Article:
CMS releases a proposed rule each July outlining the annual policy changes in the Medicare physician fee schedule, and then the final rule in early November. In recent years, however, CMS has decided to include the physician reimbursement policy changes only in the November final rule. These interim final value numbers go into effect on January 1 of the following year. Therefore, no meaningful opportunity for public comment exists. By being more transparent and including physician fee schedule changes in the proposed rule in July, CMS can make additional changes before values are finalized in November. The current process leaves physicians and other interested stakeholders only 60 days to respond while also bearing the burden of implementation. This short time period does not allow for adequate time to challenge methodologies and assumptions, nor to prepare for the serious impact of such changes which could directly impact staffing and patients’ access to the practice.
 
“Taking care of patients is our first priority. Having less than 60 days to change our business operations because of significant reimbursement changes has a very real impact on our practices and our ability to best serve our current and new patients,” said Colleen M. Schmitt, MD, MHS, FASGE, president of the American Society for Gastrointestinal Endoscopy. “Like any business, our practices have to re-evaluate our workflow.”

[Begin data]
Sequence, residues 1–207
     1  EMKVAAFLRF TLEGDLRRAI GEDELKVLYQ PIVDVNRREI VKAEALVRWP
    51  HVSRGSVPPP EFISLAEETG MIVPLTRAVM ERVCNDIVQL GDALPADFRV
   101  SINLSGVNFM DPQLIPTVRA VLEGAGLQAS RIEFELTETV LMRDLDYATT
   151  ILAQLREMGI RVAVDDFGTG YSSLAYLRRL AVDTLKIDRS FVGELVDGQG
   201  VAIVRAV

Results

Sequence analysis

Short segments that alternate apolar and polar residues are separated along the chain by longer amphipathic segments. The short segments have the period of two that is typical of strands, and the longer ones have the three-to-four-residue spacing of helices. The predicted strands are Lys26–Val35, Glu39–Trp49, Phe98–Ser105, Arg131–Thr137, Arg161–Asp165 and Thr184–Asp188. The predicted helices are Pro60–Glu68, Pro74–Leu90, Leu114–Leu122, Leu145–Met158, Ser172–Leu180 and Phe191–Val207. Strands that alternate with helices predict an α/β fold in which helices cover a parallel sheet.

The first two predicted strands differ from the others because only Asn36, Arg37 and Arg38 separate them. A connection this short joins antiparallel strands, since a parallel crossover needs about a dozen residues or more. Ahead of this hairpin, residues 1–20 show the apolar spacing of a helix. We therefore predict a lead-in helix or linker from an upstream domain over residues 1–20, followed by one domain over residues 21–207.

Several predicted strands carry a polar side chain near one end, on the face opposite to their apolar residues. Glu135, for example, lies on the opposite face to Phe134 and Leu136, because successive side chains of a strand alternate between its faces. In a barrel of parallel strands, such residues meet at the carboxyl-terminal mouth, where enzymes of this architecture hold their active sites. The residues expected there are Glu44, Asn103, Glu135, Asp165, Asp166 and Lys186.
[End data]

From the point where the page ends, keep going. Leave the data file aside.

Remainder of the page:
Congressional Supporters

Today, Sen. Kelly Ayotte invited Senate colleagues to sign onto a letter to CMS calling for transparency. 
 
“We are aware that significant changes are being made to physician Medicare payments without the opportunity for stakeholders to express concerns regarding the methodology or assumptions being made by the Centers for Medicare and Medicaid Services (CMS) as part of the proposed rulemaking process,” wrote members of Congress in a letter to CMS Administrator Marilyn Tavenner in March. “We believe that current processes are unfair and deeply impact small-business operations and patient care.”
 
The U.S. House letter to CMS was signed by: 
Rep. Dan Benishek, MD Rep. Tim Griffin Rep. Patrick Meehan
Rep. Ami Bera, MD

Rep. Michelle Lujan Grisham

Rep. Tim Murphy
Rep. Gus Bilirakis Rep. Brett Guthrie Rep. Richard Neal
Rep. Diane Black Rep. Andy Harris, MD Rep. Alan Nunnelee